Mick Sterling

All About Mick Sterling

by ItsAboutMusic.com artist and record producer – Kevin Bowe

All I can say is…. if you think you know what Mick Sterling is all about because you’ve spent a lot of Sunday nights watching him sing with the Stud Brothers; trust me, you don’t know the half of it. The curse of success is being pigeonholed into the narrow slot that you got successful in, regardless of any talents you may have in other areas. When Mick and I started working together in the Rolling Blunder Revue I quickly realized that this guy did not actually come of age listening to Tower Of Power records over and over again. The artistic make-up he revealed in that band was more of a John Hiatt/Bruce Springsteen/Rockpile kind of guy; a writer and performer with a darker side, a funnier side, sometimes clowning around onstage and other times sinking down into the deepest part of the blues, snarling and moaning like a dog with his paw caught in a trap.

As the idea for this album came together (by accident really, same as the Blunders) we began getting together every week or so to write songs for it. Since both of us are such huge fans of bloated progressive rock “concept albums” such as those by Rick Wakeman and Genesis…… oops that’s right, I forgot, we hate that shit. But- we still thought it would be cool to discipline our writing to one admittedly broad topic- sin and salvation and what lies in between. Songs about how cool God is, and about how stupid people sometimes act in His name. Songs about hipster priests hearing confessions from soccer moms, about clinging to faith when you don’t have anything left to hold onto, about getting lucky at bible camp- you know, the typical run of the mill stuff. I guess you can already tell it ain’t “Leave Your Hat On”. Speaking of getting lucky, we got lucky every step of the way with this record. The writing, the tracking, the vocals, the mix, everything… and let me tell you that is not always the case.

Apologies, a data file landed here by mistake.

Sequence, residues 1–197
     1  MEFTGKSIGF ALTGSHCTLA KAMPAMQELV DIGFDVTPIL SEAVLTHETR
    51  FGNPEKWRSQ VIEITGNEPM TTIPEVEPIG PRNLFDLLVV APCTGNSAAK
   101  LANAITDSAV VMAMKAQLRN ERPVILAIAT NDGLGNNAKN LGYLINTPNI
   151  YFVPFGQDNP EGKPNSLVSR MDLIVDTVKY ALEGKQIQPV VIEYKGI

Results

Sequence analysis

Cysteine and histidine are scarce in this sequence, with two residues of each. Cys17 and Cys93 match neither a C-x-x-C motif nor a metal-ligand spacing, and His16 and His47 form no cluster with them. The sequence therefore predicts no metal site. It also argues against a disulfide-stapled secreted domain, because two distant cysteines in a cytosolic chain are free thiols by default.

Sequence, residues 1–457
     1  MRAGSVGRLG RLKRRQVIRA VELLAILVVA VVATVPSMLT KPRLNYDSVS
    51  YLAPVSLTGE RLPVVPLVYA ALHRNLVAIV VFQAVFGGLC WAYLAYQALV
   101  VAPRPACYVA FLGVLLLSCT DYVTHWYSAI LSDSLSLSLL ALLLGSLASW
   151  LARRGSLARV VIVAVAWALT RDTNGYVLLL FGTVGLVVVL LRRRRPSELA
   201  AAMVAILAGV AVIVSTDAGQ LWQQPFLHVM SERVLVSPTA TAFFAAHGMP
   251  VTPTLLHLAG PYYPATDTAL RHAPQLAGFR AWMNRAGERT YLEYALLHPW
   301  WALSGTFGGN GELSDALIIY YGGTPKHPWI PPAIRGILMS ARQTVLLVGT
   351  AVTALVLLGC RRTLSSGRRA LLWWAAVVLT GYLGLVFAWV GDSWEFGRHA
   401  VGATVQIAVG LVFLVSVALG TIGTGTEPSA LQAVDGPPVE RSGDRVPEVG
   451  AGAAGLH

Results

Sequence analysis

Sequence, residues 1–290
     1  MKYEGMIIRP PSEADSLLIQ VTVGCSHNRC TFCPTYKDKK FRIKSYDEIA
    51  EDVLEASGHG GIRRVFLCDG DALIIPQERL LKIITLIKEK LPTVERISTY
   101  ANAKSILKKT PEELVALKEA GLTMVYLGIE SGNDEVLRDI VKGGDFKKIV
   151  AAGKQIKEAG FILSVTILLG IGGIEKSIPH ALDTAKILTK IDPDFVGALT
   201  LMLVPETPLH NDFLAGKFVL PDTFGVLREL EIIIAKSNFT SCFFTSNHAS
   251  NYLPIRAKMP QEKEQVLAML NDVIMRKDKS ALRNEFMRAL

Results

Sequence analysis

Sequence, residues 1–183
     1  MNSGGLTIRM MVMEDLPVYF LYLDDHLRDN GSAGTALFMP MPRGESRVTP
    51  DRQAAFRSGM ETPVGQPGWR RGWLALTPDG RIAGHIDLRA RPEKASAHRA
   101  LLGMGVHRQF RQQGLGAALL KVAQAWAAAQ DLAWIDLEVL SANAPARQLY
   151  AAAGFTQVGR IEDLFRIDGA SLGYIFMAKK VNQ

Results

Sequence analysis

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Without mentioning any names let’s just say I’ve produced other records that were about as fun as getting a boil implant. This one was easy; just might spoil me for working with other less talented and more “difficult” artists. One thing that strikes me about working with Mick is that he really undervalues himself as a songwriter. So many artists I’ve worked with think they’re great songwriters because they can play the guitar (wrong) sing (wrong) or dance and look cute (wrong, wrong). Writing is a very strange thing and good writing…. well it’s like the Supreme Court’s definition of pornography…. “I can’t describe it to you but I know it when I see it” and I rarely see it like I do in Mick.

The song “You Don’t Know What Dirty Is” came out of an onstage crack at a Blunders gig where I was talking about my house needing cleaning. Mick responded with the instant song title and all we had to do was come up with the character behind it (Father Jack Kerouac). He also came up with the best title on the album “Who Died And Made You King” which extends an eloquent middle finger to those recent converts who zealously believe in, and confuse themselves with the G-man. “Heavy Lifting” was another one of Mick’s ideas that was so cool it wrote itself. I mean how could you possibly write a shitty song with that title?

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The crowning touch was when he showed up and sang 6 of these lead vocals IN ONE DAY!!!!!!!!! ONE DAY!!!!!!!! I’ve been at this a long time and never seen a display like that. This was after he got up at 6 in the morning! Then the bastard trots off and does 3 sets in a bar that night! The musicians on the album all played their hearts out, every single one. Donnie LaMarca’s piano on “Maggie’s Rosary”, Billy’s drums throughout, Andy Dee and Paul Mayasich blasting out the slide guitars, Stephen Morgan’s guitar nastiness on “Long Time”, and check out Cynthia Johnson and George Pettus on the gospel vocals! That was one of the funniest things to do for this record. Anyway, I think heathens as well as the righteous will dig it, and if my experience tells me anything, both parties will assume we were speaking only to them.